Real Madrid draw Atletico 0 - 0 at the Bernabeu. Here’s our quick reaction. Still to come: Player ratings, tactical review, and post-game podcast.
The ‘turning point’ in this high-octane, volatile, tense, and locked Madrid derby at the Bernabeu, was when Dani Ceballos came in for an injured Gareth Bale at half-time. Until then, Real Madrid had plenty of the ball; but Atleti did what they do perfectly — show you space then take it away from you, defend the flanks, and play a low-enough block that Gareth Bale has no chance to latch onto through-balls. In fact, Bale was forced to play deeper, and like the first half against Sevilla, the only real chance(s) came from a long-range, solo effort from the Welshman.
Through necessity, Bale had to leave the pitch. Ceballos entered, and when I first saw the sub, I thought that this was an ideal game for the Spaniard. He brings control, unpredictability, and incisiveness. Though his first touch was a giveaway, he completely flipped the dynamic of this match and grew into his surroundings. He led a counter-press, had key interceptions high up the pitch to disarm counters, and looked to either move between the lines without the ball, or continually pick up Asensio and Benzema’s cutting runs.
And that churned the game on its head. With the new scheme, Real Madrid had waves and waves of sustained pressure. They controlled the tempo and created much better chances than closed-down shots from distance.
But this is what Atletico do in a Madrid derby at the Bernabeu — they create little, hold their shape, ride some luck, and come away with a good result. One thing you have to give them credit for is how well they get back in transition. So often in this match, Real Madrid looked like they were through on goal, only to see rojiblanco shirts appear in record time. They denied cross-field switches — particularly in the first half — and Felipe Luis and Juanfran did well defensively against Carvajal and Nacho. (The latter, of which, looked a bit fatigued in the second half, opting not to provide overloads when Real Madrid could’ve used them on that left flank.)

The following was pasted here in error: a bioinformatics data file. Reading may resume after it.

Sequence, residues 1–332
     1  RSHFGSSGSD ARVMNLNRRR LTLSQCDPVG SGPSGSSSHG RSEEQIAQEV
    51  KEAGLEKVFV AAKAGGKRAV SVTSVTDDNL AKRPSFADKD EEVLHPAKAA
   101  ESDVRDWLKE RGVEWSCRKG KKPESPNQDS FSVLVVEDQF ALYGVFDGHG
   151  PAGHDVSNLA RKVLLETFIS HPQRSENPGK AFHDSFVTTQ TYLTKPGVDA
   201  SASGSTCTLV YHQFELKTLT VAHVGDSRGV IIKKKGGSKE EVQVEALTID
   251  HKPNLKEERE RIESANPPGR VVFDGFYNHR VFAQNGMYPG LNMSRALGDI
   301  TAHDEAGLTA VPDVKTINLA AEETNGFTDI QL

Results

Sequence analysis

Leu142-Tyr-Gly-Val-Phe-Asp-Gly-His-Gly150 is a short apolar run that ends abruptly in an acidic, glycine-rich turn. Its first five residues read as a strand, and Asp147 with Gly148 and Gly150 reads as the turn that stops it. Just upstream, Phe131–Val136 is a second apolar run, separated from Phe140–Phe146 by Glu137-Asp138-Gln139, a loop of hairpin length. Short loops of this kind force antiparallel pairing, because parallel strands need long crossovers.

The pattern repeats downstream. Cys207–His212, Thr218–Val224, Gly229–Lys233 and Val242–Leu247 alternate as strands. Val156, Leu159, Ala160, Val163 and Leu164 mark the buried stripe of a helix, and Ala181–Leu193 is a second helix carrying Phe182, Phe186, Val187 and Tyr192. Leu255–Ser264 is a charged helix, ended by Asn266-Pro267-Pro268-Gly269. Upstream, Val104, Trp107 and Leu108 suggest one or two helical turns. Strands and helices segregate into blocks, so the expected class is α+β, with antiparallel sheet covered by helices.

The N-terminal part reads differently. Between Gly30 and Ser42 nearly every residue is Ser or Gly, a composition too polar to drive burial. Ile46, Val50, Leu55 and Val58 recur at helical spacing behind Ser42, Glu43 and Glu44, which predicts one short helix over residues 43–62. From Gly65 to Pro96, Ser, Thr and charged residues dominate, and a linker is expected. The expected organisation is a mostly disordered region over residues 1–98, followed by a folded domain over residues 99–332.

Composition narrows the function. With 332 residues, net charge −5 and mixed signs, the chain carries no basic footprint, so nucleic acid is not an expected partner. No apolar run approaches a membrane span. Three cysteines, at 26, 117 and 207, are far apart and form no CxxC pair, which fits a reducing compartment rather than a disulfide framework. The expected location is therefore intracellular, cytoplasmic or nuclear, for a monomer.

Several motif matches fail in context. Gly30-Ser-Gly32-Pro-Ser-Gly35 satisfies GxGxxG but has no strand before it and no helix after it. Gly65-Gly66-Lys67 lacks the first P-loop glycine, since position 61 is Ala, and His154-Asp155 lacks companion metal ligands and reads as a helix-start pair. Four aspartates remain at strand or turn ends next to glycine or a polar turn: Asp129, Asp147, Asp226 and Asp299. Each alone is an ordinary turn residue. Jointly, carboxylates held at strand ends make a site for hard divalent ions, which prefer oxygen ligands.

All in all, despite the second-half adjustments (and even a Vinicius Jr cameo!), this was a disappointing result. Sevilla away, and Atletico at home, back-to-back, continue to be a problem for Real Madrid.
There is more to break down in this match, to be sure (one of which is a behemoth in Mariano staying on the bennch. He’s a player who could’ve helped Real Madrid win aerial duels in the box after Bale’s departure and throw some bodies around — particularly on Carvajal’s seven crosses), and we’ll break them down in the coming hours. Generally, Real needed more from Asensio, Modric, and Benzema, and some better passing in key moments. Though, after a string of poor performances, it was good to see Sergio Ramos put in so many key defensive interventions, especially early on, as Real Madrid were trying to find their feet.